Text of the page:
Kauai and the Love-Struck Layson Albatross

Back to Princeville on the north shore of Kauai … I always look forward to watching the magnificent sea birds, the Layson Albatross. There are 22 species of albatross ranging widely in the Southern Ocean and the North Pacific. They are absent from the North Atlantic. So if you live on the east coast of the US you won’t see them. The Northwestern Hawaiian Islands are home to 97.5% of the Layson Albatross.

Layson Albatross near Steph and Vic’s back yard

Check out this Audubon link for a marvelous photo of a Layson albatross and her young. Albatross breed on Kauai during the months of November to July. They leave their breeding grounds and evidently most go northwest toward Japan, then northeast toward Aleutians, before turning south toward Hawaii again. Non-breeders may wander anywhere in the North Pacific at any season.

Incubation for a albatross egg is 64-65 days. The period from hatching to fledging is 165 days. A young albatross returns to its breeding grounds three years after fledging, and first breeds at the age of 7-9 years. (Check out this wikipedia link on Layson Albatross.) It takes several years of courtship for a male and female to bond, but they bond for life. The courtship involves the use of ritualized dances – up to 25 different movements. So if you visit the northern shore of Kauai between November and July, you can witness their courting – ritualized dances. It’s quite entertaining!

On Saturday, January 20, 2018, David Eric and I were walking near the golf course when we came upon a group of four adolescent albatrosses engaging each other in a mating dance. I captured a video. They make such a racket with their whirring, clucking, whistling, and beak clapping, you usually can hear them before you see them!

We stood 30 feet away and kept watching them. They seemed a bit oblivious to us, they were so engaged in each other.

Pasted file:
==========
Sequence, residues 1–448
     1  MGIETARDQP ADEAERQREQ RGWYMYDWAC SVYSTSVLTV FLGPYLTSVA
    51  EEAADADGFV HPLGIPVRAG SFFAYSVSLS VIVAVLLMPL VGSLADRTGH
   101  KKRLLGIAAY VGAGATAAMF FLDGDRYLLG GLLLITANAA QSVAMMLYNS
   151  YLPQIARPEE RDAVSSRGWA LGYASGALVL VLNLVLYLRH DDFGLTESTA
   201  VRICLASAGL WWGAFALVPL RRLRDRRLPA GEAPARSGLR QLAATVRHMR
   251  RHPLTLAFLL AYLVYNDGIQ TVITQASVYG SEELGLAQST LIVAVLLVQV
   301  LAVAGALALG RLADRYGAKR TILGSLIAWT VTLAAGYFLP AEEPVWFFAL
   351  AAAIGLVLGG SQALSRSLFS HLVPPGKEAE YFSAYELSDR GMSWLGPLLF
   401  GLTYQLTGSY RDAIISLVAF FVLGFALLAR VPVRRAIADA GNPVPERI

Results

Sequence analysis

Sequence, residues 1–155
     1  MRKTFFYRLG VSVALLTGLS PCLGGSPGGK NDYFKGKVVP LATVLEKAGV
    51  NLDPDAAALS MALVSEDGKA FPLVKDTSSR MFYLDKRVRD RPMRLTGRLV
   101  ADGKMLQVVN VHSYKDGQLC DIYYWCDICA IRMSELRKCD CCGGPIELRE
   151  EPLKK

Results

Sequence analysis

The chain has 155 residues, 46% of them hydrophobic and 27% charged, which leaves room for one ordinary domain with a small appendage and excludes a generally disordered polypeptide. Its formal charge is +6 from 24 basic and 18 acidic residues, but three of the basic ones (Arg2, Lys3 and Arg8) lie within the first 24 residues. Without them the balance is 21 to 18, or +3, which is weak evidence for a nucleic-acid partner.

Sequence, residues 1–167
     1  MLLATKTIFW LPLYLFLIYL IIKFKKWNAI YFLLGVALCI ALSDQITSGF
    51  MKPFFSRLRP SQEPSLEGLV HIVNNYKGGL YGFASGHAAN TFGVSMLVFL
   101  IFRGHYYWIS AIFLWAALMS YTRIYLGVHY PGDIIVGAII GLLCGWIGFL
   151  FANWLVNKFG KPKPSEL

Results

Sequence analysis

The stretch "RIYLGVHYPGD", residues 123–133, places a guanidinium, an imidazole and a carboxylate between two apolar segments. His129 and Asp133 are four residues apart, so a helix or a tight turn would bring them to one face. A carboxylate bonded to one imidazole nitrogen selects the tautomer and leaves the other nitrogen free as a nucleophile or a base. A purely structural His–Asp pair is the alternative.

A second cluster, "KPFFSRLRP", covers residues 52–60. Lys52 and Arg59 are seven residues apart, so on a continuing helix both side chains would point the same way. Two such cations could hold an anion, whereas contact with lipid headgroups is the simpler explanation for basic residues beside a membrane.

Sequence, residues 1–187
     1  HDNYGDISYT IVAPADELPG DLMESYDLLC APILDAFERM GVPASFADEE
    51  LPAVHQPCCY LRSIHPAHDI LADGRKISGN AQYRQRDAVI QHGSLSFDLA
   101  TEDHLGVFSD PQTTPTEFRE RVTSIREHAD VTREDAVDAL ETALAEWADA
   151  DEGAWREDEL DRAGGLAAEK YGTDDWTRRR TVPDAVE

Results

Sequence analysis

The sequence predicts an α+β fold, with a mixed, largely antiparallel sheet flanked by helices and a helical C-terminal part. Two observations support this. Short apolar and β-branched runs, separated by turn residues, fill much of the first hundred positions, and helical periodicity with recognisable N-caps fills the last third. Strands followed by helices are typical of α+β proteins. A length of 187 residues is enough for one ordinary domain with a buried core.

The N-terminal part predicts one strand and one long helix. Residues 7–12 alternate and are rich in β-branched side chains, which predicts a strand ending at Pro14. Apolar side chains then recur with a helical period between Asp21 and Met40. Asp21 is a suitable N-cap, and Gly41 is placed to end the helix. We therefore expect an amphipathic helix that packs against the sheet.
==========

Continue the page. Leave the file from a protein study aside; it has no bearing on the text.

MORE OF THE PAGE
Soon two albatrosses wandered away from the others to continue their dance. They look so clumsy and awkward on land the way they waddle! (In the background of the video you will also see another albatross nesting near the bushes.)

Be patient with the video and see what happens when one albatross walks away …

I think of the Beatles song “Hello, Goodbye” when watching the Albatross mating ritual.

You say yes, I say no
You say stop, and I say go go go, oh no

You say goodbye and I say hello
Hello hello

I don’t know why you say goodbye I say hello

I say high, you say low…

Here’s a link to marvelous video I found on You-tube of two albatrosses engaged in, shall I say, a ‘passionate’ mating dance – (Oh, you might want to skip the ad and turn your sound down – they make quite a racket!) Well worth watching this video, however, warn the person in the next room that you are about to play it… based on the experience at my house … (I ran David out of the kitchen when he heard it, Megan hollered at me from the next room, ‘What’s that?” – Hey, just a pair of love-struck Albatrosses!)

Albatross look so big and awkward the way they waddle on land, you wonder how they launch their bulky bodies into flight. I caught an albatross on video taking flight right near Steph and Vic’s patio (January 25, 2018). It nestled by the golf course as if waiting for someone, clapped its beak a bit, then as if running out of patience, went into a running take off toward the ocean …

At the end of Larsen’s beach there is a large protected albatross nesting ground, off limits to hikers. Larsen’s beach is probably our favorite hike, I’ve blogged about it several times – link to the blog I wrote last year – Besides the albatross flying overhead, you will likely run into endangered monk seals and large sea turtles sunning themselves on the beach.

Anyway, in case you think these birds are too goofy and awkward to be impressive in flight, think again! Albatross are highly efficient in the air, covering great distances with little exertion. I took a couple of videos of albatross in flight at Larsen’s beach:

They fly in formation – move over Blue Thunder air show!:

Here’s a photo I captured last year on Larsen’s Beach of an albatross landing.

Dropping in for a landing

Look at those webbed feet! Yeah, that’s because they are swimmers too, going after fish, squid and krill in the ocean with squid as their main staple.

Here’s a photo I took at the trailhead of Larsen’s beach.

Trail to Larsen’s Beach

Hike down through the grasses and across the beach to a point where you discover the arch. Here’s a video I took of the arch in January 2016 …

Sit down and picnic above the arch and enjoy the air show, as there are scores of albatrosses nesting on the bluff right above you.

Maybe humans could learn something about courtship from the Albatross, who engage in mating ritual dances over several years and bond with their mate for life.

You’re welcome, my fellow humans, yea, as we muddle awkwardly through one of our courtship rituals – Valentine’s Day.

Just sayin’…

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One Response to “Kauai and the Love-Struck Layson Albatross”

  1. Tom Jones Says:

    Really did enjoy the great story with photos! Learned a lot about the Albatros. Thanks for sharing.

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